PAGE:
Litha — the summer solstice — falls on June 21st this year. The exact time is at 8:54 AM, PDT. The summer solstice means different things to different pagans, and all of these traditions can be right.
In my tradition, we usually celebrate the Oak King/Holly King duality, when the Oak King falls in battle, along with the waxing half of the year, as the Holly King rises to rule over the waning half of the year. At times we have held ritual battles — ritual theater, so to speak — to portray this. Other times we just acknowledge the battle going on between the light and the dark, between the seasons of planting and growth, and the seasons of harvest and fallowness. And this year will be no different, as we honor the fall of the Oak King and cheer the rise of the Holly.
But it’s also the season of the Fae, and since I serve a goddess of Dark Fae (Mielikki is also a goddess of the Hunt), I always acknowledge the Fae at this time of year, for it seems to be the height of their interaction with our world.
The summer solstice is the dividing point between seasons. I’ve always viewed it as Midsummer instead of the beginning of summer.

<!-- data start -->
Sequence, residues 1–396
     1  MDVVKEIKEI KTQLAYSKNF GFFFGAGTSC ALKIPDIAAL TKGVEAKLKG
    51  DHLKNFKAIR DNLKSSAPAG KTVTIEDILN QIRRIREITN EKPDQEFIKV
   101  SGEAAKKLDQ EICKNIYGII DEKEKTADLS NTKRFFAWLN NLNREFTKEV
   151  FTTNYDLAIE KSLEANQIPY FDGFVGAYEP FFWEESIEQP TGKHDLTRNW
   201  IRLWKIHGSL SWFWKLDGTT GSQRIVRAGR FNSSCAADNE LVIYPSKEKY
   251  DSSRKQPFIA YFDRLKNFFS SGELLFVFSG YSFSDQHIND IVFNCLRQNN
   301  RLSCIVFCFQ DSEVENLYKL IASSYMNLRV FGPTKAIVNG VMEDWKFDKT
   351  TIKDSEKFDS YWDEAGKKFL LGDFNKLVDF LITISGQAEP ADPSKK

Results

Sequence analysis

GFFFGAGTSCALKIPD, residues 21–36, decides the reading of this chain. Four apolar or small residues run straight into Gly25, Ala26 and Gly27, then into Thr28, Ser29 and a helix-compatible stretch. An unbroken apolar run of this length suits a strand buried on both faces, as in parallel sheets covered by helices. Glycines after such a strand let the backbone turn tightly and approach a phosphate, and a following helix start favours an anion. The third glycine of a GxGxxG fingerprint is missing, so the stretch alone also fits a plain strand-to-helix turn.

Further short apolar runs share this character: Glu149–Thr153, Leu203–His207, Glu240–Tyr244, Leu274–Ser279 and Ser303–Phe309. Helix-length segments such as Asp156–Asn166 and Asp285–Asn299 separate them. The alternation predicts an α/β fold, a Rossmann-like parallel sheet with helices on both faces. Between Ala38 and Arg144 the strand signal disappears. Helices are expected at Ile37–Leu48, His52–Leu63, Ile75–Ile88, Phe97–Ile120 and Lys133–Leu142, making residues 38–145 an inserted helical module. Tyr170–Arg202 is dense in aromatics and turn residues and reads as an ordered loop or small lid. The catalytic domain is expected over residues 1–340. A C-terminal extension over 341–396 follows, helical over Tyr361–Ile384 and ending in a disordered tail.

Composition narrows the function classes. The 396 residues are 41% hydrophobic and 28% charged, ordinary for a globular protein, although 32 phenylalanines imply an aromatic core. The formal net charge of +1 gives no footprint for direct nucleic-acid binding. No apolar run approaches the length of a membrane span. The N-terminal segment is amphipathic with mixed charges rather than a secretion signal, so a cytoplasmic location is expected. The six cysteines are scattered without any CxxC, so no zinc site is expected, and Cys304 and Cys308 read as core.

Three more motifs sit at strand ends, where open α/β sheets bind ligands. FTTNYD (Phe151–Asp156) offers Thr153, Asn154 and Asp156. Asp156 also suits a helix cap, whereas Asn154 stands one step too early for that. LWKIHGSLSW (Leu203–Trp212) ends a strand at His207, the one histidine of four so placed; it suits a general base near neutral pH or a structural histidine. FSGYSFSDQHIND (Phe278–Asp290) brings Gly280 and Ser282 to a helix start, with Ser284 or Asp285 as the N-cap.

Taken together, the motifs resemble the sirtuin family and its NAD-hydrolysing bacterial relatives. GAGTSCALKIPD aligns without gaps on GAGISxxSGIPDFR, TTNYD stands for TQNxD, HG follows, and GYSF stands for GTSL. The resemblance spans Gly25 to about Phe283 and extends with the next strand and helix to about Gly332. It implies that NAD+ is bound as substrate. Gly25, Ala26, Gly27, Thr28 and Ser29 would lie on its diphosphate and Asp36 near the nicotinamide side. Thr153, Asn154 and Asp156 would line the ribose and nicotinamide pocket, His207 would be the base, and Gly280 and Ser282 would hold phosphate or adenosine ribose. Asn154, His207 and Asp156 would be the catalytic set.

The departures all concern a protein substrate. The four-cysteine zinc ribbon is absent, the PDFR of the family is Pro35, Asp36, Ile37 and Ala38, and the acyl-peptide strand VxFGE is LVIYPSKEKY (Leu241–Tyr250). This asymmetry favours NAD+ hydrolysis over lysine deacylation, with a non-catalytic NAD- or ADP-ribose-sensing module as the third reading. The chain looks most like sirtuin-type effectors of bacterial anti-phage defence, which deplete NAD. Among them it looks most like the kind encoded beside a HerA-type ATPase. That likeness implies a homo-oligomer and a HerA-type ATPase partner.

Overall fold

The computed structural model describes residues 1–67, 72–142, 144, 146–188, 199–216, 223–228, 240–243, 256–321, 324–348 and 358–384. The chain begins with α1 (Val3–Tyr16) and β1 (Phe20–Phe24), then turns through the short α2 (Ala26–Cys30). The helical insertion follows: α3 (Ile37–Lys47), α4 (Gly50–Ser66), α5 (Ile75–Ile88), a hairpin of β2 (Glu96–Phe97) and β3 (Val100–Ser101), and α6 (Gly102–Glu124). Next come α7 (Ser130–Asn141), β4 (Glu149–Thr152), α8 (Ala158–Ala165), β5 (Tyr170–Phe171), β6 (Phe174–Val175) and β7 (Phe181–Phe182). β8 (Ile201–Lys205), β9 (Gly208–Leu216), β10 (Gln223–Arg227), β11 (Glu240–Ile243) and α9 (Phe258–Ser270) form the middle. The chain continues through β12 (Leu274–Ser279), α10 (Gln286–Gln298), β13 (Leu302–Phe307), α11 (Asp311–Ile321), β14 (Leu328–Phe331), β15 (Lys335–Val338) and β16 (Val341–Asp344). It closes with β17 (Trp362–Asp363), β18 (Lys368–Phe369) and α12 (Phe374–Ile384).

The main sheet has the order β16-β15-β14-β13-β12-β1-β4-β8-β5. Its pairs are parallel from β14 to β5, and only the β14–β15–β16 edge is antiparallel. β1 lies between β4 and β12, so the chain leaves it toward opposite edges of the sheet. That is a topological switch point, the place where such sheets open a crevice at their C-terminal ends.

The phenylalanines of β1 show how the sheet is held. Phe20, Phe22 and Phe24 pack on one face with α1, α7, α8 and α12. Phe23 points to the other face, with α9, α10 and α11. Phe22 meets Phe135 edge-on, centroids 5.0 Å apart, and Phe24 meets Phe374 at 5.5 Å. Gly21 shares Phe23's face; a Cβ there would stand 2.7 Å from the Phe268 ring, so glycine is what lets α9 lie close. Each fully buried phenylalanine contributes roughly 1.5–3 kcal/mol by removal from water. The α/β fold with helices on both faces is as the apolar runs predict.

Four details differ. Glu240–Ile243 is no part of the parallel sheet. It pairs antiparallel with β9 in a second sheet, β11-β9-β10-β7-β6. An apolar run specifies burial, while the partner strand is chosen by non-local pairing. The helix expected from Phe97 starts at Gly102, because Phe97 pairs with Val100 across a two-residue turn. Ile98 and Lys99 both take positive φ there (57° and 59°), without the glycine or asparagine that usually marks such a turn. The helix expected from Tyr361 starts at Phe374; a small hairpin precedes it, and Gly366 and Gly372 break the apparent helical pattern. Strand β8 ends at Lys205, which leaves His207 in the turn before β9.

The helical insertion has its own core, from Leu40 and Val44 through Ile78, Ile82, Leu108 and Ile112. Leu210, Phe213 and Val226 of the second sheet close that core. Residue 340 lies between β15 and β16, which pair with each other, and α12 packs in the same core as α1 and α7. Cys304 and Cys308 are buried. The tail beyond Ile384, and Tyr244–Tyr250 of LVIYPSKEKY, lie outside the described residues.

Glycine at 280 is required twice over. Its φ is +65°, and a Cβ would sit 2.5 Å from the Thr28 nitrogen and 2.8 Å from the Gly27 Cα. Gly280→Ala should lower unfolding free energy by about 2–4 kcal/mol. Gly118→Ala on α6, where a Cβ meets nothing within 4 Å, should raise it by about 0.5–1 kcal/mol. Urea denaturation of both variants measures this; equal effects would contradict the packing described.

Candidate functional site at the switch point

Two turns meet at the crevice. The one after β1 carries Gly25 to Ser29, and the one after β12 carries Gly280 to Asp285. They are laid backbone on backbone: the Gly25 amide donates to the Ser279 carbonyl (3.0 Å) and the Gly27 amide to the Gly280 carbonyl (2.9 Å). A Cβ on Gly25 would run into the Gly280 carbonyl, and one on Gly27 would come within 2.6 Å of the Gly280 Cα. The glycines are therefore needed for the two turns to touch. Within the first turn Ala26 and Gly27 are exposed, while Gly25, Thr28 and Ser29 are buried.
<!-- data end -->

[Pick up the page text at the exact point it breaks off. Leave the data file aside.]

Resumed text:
From my perspective:
- Summer begins at Beltane and ends at Lughnasadh. (Beltane & Litha)
- Autumn begins at Lughnasadh and ends at Samhain. (Lughnasadh & Mabon)
- Winter begins at Samhain and ends at Imbolc. (Samhain & Yule)
- Spring begins at Imbolc and ends at Beltane. (Imbolc & Ostara)
On summer solstice, it’s a good time to look toward the coming autumn, and decide what projects you want to engage in your life come the autumn months. The harvest is a busy time, and the lazy days of summer die away quickly, so it’s always good to get a head start by planning out what projects you want to begin at the next turn of the wheel.
The summer solstice is a the best time to recharge from the long winter, to shore up your health with fresh vegetables and fruits, and—if it doesn’t bother you — get some much-needed vitamin D into your system. You might choose to plan a camping trip during Litha, and celebrate it by the side of a river, or maybe at the ocean shore.
Whatever you choose to do, I encourage you to leave an offering out for the Fae. At this time, more than any other, we can use their help in the gardens and with our plants and our yards. The Fae who are nature spirits, as opposed to some of the Tuatha De Dannan, need to be acknowledged for their part in the Turn of the Wheel. It never hurts to leave a reminder of how much we appreciate their help and presence in our lives. Some sparkly stones for your garden, a jug of cream, a dish of honey, a bottle of wine, anything but money is usually appreciated.
I wish you a wonderful summer solstice. Have a blessed Litha, as we head into the waning half of the year. Blessed be, Yasmine.
One thought on “The Nature of Litha”
Thanks for continuing to share this interesting information. I enjoy learning about my heritage as I’m mostly Irish and Scots.